Political Scientists Find Exit Polls' Claim of Record-High Latino Support for Bush Suspect Political Scientists Find Exit Polls' Claim of Record-High Latino Support for Bush Suspect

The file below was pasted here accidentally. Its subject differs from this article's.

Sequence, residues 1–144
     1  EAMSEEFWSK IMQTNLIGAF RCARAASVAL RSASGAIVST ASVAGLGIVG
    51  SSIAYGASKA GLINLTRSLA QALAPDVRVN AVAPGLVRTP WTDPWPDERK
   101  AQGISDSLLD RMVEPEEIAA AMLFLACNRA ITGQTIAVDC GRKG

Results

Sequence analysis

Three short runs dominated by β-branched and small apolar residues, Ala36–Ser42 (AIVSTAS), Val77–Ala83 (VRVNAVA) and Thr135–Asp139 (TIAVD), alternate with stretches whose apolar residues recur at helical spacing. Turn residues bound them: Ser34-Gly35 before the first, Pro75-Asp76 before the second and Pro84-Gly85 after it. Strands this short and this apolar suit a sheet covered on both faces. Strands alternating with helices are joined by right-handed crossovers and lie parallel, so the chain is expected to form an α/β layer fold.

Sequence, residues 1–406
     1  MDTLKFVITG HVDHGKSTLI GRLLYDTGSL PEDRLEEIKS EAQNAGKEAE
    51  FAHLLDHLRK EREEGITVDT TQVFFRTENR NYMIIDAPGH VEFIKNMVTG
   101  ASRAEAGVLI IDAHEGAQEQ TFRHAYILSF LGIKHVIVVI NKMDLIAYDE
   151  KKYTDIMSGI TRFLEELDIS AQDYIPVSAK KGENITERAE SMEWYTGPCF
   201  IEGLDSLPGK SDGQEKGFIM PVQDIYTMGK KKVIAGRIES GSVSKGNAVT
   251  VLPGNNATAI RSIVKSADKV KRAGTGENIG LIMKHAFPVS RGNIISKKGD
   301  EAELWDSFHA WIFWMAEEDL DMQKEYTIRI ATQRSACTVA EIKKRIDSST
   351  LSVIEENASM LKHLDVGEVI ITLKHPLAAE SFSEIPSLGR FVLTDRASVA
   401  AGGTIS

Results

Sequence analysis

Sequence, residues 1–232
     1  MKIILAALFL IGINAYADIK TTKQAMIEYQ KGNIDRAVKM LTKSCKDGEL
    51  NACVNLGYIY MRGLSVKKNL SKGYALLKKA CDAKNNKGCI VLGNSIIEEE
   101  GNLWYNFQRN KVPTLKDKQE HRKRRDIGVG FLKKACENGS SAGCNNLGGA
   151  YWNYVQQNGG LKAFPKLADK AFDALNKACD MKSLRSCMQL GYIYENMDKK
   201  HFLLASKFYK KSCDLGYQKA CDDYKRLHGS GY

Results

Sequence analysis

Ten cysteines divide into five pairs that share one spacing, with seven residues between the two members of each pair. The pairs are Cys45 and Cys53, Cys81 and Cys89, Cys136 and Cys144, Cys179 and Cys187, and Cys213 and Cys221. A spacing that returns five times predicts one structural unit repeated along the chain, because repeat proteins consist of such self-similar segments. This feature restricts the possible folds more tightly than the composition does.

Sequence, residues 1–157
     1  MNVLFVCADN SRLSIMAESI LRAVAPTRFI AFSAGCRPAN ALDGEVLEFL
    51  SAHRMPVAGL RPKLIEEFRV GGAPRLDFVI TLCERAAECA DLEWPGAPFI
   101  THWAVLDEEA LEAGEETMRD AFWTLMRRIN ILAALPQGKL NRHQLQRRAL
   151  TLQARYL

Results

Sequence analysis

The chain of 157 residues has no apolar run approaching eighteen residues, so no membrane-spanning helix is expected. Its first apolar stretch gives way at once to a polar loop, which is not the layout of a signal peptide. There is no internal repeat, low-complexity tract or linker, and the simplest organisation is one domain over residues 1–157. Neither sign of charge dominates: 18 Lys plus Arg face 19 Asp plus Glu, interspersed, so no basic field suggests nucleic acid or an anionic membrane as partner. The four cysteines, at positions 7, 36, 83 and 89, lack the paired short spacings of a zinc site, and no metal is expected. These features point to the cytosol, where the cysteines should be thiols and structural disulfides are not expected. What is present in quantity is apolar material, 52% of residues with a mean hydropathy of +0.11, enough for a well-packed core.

January 2005: Latino voters likely did not support President Bush's re-election in the record numbers two national exit polls reported after the November election.  So claims a research team comprised of political scientists David Leal (University of Texas-Austin), Matt Barreto (University of California-Irvine), Jongho Lee (Tomas Rivera Policy Institute), and Rodolfo de la Garza (Columbia University). The researchers compared results of the Edison/Mitofsky and Times exit polls against to a wide range of data including historical trends, party identification, data from pre-election surveys, and the results of official vote totals from Texas.  The results of this comparison underscore the likelihood of errors in the exit polls.  The "data provide little evidence that President Bush received the 44% level of support from Latinos estimated by the 2004 exit polls," the research team summarizes, and "it seems more logical to conclude that the exit polls mistakenly depicted the Latino vote than to accept that Latino preferences could have changed so substantially in such a short period."